LLB Law 2016
What did you enjoy about your degree programme?
Research-led teaching has by far been the most enjoyable part of my degree, both that which has been woven in to core modules as well as optional modules arising from the specific research fields of lecturers here at Exeter.
There is something so valuable about being taught by somebody who is not only knowledgeable about a topic, but passionate and opinionated about it too. It not only makes for far more engaging lecturing, but also presents itself as a perfect opportunity to reassess, criticize or reconnect with your own viewpoints.
Tell us about the award you have received. What does this award mean to you?
I have been awarded the Law School Prize, which not only adds a little extra cash to the bank but also gives me confidence in my own abilities. I came to law school to prove something to myself and receiving this award simply confirms that over the past three years, I have achieved exactly that!
What has been the highlight of your time at Exeter?
The biggest highlight of my time at Exeter University has by far come from my involvement with societies – notably, Soul Choir. It is so important that you take time from your studies in order to do things that you love, that will keep you inspired about the world around you and give you an opportunity to develop new skills and meet new people.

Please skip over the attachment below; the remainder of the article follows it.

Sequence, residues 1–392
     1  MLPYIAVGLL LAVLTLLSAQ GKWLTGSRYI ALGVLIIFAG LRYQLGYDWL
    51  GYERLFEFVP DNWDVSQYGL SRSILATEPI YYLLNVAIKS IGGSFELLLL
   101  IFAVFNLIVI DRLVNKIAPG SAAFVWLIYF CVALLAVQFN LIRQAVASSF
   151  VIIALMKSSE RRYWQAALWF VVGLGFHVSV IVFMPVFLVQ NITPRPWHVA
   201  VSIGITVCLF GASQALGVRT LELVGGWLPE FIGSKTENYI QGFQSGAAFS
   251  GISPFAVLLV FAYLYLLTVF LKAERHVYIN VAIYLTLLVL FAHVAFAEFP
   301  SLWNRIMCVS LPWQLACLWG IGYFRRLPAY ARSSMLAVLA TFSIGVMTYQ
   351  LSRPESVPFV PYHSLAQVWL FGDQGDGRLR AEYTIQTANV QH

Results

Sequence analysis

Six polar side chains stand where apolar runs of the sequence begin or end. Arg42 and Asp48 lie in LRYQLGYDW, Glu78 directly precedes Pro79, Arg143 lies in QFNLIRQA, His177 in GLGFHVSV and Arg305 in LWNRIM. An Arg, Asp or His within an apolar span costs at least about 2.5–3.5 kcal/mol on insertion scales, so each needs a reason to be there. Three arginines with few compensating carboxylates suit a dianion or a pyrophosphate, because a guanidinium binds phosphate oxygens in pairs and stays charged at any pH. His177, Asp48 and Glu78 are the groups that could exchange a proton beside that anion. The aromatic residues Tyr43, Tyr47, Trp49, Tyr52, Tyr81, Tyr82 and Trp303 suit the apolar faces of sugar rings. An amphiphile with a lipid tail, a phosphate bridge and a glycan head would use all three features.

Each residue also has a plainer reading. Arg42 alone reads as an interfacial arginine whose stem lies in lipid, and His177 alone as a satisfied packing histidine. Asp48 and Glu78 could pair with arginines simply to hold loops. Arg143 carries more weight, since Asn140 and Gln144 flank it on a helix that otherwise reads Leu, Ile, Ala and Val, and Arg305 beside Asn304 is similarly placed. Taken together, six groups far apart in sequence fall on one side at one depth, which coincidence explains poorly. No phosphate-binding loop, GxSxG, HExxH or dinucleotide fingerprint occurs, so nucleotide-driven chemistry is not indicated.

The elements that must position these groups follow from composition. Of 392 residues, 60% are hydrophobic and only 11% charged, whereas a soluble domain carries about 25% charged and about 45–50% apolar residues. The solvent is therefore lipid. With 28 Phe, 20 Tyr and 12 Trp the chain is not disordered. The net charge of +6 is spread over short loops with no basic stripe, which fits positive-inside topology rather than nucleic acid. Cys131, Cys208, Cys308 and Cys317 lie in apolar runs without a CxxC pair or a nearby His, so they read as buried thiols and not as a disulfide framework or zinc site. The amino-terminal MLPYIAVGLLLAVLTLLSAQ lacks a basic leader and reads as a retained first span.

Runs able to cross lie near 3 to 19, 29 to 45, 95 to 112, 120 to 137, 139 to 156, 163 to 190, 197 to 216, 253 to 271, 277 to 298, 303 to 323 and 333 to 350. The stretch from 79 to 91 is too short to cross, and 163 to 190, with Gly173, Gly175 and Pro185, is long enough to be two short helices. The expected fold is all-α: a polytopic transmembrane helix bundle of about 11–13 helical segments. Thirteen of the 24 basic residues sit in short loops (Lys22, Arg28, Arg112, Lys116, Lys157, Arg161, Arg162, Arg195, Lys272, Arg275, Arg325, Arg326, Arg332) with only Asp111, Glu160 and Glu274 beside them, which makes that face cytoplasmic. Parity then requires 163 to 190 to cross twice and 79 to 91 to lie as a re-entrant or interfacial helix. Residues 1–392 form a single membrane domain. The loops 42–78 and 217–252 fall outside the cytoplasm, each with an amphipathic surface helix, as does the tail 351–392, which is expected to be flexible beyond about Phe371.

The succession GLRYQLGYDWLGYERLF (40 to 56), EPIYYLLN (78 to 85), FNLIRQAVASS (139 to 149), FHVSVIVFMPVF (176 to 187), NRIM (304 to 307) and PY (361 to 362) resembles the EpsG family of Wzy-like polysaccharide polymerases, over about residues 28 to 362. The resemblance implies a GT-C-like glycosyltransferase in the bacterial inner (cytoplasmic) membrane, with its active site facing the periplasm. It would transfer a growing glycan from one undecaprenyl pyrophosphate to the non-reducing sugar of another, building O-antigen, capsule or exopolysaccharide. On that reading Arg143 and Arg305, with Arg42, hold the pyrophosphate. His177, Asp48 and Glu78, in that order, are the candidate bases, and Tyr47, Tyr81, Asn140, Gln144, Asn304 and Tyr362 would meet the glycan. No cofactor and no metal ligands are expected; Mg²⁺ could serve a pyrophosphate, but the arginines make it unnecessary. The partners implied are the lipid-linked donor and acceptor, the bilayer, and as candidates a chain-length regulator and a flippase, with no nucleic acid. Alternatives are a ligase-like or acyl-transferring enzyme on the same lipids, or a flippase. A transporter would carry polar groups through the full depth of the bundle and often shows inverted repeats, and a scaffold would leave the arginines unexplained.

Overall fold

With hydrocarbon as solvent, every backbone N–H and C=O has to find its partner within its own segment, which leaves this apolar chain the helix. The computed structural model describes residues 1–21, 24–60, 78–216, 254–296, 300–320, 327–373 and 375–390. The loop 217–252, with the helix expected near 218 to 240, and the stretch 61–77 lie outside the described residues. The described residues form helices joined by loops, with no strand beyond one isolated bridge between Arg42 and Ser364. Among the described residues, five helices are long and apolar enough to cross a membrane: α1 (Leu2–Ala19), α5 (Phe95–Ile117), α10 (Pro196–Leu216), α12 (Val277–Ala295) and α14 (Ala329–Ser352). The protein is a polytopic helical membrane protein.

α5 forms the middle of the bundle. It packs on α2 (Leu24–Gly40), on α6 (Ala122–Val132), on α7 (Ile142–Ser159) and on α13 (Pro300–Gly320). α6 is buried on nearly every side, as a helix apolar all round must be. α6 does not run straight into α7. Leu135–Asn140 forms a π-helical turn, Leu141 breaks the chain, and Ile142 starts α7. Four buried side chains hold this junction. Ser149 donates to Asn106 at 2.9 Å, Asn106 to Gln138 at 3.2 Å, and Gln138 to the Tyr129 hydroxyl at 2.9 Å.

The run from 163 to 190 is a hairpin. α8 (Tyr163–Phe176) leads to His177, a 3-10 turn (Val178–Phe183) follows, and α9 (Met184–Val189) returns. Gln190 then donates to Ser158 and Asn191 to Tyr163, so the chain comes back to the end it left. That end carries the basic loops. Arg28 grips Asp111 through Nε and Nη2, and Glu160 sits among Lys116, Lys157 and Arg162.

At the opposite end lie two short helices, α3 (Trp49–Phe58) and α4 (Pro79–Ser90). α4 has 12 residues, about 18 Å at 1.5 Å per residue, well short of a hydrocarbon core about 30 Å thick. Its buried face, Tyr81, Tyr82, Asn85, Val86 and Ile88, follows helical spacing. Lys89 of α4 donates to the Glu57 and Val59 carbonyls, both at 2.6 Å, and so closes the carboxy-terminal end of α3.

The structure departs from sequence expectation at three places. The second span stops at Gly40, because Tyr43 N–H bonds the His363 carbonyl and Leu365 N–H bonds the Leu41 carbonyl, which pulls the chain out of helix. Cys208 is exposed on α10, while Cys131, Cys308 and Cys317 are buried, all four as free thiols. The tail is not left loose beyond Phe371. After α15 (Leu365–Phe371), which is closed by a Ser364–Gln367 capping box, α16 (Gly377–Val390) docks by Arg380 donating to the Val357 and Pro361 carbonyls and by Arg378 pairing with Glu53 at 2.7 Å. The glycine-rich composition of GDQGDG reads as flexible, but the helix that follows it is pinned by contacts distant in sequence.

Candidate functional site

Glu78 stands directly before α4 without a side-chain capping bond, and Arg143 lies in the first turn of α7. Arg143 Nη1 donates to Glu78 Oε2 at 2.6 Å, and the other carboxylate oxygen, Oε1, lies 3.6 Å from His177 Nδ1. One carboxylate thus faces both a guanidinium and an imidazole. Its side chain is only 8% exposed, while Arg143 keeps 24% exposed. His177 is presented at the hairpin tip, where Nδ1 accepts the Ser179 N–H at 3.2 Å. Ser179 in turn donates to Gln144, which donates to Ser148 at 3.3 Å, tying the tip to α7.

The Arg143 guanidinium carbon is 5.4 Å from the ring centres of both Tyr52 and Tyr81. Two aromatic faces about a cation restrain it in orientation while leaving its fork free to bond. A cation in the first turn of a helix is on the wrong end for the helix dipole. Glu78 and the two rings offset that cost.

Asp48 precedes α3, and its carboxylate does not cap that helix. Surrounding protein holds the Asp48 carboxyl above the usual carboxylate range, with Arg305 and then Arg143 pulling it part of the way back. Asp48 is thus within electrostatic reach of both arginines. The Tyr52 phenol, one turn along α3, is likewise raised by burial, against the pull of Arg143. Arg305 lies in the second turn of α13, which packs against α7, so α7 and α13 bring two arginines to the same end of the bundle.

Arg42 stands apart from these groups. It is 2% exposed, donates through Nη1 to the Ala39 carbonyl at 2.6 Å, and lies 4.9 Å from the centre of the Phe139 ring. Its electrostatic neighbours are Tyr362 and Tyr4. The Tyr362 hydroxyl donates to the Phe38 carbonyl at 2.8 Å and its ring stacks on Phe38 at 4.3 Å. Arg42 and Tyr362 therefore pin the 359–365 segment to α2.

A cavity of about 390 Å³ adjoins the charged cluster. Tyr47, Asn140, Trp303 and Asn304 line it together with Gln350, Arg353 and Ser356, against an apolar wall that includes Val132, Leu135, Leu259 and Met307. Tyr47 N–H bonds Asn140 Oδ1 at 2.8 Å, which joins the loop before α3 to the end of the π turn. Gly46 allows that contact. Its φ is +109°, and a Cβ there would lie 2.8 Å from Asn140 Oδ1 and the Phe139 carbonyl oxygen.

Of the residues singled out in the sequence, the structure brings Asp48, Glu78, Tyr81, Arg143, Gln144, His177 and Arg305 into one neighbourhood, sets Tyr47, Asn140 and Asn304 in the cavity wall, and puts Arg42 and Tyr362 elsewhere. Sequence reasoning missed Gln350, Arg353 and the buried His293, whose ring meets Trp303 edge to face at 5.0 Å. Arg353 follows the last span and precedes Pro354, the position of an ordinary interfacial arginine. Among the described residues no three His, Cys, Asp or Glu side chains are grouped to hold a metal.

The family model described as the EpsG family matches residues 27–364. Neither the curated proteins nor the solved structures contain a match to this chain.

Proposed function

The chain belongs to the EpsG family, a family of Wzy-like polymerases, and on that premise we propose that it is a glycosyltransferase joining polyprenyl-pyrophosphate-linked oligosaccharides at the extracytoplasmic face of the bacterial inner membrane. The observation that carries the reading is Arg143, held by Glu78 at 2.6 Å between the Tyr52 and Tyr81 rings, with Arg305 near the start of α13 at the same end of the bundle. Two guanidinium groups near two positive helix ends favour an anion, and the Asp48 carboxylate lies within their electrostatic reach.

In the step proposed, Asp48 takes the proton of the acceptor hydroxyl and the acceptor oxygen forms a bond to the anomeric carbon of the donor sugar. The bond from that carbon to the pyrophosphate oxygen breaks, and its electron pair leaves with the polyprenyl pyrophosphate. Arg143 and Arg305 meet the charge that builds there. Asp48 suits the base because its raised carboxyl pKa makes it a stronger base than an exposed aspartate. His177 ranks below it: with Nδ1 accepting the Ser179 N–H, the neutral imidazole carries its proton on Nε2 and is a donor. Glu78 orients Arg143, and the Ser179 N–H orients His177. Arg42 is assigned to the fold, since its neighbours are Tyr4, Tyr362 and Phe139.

What will you miss the most about University?
Luckily, I won’t have to 'miss' anything, as I’ll be staying in Exeter for another year whilst I complete my Masters. What I will miss however, when I do (eventually!) leave, is Streatham Campus’ beautiful green spaces. We are so fortunate to have such beautiful grounds at our fingertips!
What advice would you give to current and future students?
Do not take modules simply because you think they’ll 'look good' to future employers, or pick exam/essay questions based on calculations of what may 'look good' to the marker. Never underestimate the importance of your own opinions.
There is only so much that a textbook can teach you; instead, speak to your lecturers, challenge their arguments, and persistently consider whether or not something you are being taught, 'sits right' with you. It is far easier to stay connected to your work when the arguments you seek to present are not simply a new spin on an old argument you found in a textbook, but instead when they reflect your own views and understandings.
What are your plans now that you have graduated?
In September I begin my Masters here at Exeter, with the aim of completing a PhD elsewhere in the future. In terms of 'career plans', I have none – instead, the ultimate goal is simply to fill a lifetime with things that both challenge and inspire me!